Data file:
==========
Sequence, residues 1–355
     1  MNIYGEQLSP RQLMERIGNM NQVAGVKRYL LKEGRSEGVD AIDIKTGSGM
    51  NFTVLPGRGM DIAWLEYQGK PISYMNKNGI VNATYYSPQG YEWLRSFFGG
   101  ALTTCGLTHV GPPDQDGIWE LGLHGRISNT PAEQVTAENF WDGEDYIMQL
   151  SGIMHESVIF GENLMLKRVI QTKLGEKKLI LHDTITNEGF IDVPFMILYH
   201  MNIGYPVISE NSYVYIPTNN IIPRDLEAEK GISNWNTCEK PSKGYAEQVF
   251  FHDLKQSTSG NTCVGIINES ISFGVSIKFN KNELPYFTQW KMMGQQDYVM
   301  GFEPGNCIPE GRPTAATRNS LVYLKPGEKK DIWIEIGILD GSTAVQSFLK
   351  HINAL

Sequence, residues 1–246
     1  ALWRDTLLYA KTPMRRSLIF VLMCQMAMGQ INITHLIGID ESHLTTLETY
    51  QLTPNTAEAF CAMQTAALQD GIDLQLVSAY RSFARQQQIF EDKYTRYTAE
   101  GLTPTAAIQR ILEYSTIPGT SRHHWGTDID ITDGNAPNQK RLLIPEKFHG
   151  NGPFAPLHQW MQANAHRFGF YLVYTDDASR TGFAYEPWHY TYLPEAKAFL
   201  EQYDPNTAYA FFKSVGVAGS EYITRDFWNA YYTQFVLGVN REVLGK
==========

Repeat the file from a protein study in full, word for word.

Sequence, residues 1–355
     1  MNIYGEQLSP RQLMERIGNM NQVAGVKRYL LKEGRSEGVD AIDIKTGSGM
    51  NFTVLPGRGM DIAWLEYQGK PISYMNKNGI VNATYYSPQG YEWLRSFFGG
   101  ALTTCGLTHV GPPDQDGIWE LGLHGRISNT PAEQVTAENF WDGEDYIMQL
   151  SGIMHESVIF GENLMLKRVI QTKLGEKKLI LHDTITNEGF IDVPFMILYH
   201  MNIGYPVISE NSYVYIPTNN IIPRDLEAEK GISNWNTCEK PSKGYAEQVF
   251  FHDLKQSTSG NTCVGIINES ISFGVSIKFN KNELPYFTQW KMMGQQDYVM
   301  GFEPGNCIPE GRPTAATRNS LVYLKPGEKK DIWIEIGILD GSTAVQSFLK
   351  HINAL

Sequence, residues 1–246
     1  ALWRDTLLYA KTPMRRSLIF VLMCQMAMGQ INITHLIGID ESHLTTLETY
    51  QLTPNTAEAF CAMQTAALQD GIDLQLVSAY RSFARQQQIF EDKYTRYTAE
   101  GLTPTAAIQR ILEYSTIPGT SRHHWGTDID ITDGNAPNQK RLLIPEKFHG
   151  NGPFAPLHQW MQANAHRFGF YLVYTDDASR TGFAYEPWHY TYLPEAKAFL
   201  EQYDPNTAYA FFKSVGVAGS EYITRDFWNA YYTQFVLGVN REVLGK